How to create a lean canvas ?

Both startups and existing businesses fight for their in the market by introducing their products and services. However not all of them are destined to succeed with customers. More than a half of new propositions fail to meet customers expectations and fade away. You can avoid failure only if you identify your customers problems and give them the design, features and functionality they want. Today we’ll have a look at the lean canvas – a tool designed by Ash Maurya to help startups analyze the strengths and weaknesses of their business model, and also we will practice using lean canvas on the Uber example.

What is a lean canvas ?

The lean canvas is a one-page document consisting of nine boxes to be filled in. It originates from Alex Osterwalder‘s business model canvas.

Initially the last one was designed for well-established businesses and not really applicable to startups. That’s where lean canvas comes in.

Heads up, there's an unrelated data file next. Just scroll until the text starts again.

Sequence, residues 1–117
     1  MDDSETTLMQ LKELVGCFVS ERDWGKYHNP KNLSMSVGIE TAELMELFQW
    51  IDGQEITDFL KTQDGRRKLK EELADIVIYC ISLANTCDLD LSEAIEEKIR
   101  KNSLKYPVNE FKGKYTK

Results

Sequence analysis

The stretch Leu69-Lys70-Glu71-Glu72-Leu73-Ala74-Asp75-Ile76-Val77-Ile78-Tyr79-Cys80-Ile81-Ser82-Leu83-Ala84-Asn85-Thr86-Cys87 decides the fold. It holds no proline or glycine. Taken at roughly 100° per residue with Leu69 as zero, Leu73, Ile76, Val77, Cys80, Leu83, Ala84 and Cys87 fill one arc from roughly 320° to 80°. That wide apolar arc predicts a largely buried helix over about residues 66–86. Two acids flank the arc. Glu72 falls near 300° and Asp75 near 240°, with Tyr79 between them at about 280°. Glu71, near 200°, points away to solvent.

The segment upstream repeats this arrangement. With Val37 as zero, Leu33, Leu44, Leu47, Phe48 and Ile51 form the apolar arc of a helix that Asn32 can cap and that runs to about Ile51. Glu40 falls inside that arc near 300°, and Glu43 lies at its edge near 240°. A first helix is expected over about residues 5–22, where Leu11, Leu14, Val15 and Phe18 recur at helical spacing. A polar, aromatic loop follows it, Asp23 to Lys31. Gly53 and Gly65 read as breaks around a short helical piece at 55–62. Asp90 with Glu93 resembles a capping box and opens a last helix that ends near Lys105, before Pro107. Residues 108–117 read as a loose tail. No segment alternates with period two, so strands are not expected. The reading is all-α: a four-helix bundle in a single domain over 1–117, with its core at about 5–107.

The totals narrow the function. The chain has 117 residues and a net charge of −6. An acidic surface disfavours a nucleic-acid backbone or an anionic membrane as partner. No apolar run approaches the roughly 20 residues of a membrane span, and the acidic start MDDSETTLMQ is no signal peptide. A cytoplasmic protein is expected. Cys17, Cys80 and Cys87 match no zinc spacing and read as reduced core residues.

Lean canvas vs Business model canvas

Its key difference from the business model canvas is its problem-solution oriented approach and its focus on the customer.

Difference between Business Model Canvas and Lean Canvas
Difference between Business Model Canvas and Lean Canvas

To address this, the four business model canvas boxes namely:

  • key partners,
  • key activities,
  • key resources,
  • and customer relationships.

were replaced respectively with:

  • problem,
  • solution,
  • key metrics, and
  • unfair advantage.

That helps founders focus their products on resolving their customers problems instead of specific features of the product.

Lean canvas in practice

Let’s do this together through the example of the world known peer-to-peer ride-sharing app – Uber, back when it was getting off the ground.

We should start by defining the target customer.

Customer Segments

Your Customer Can’t Be ‘Everyone’

Many startup founders suffer from a common misconception called “everybody needs my product”.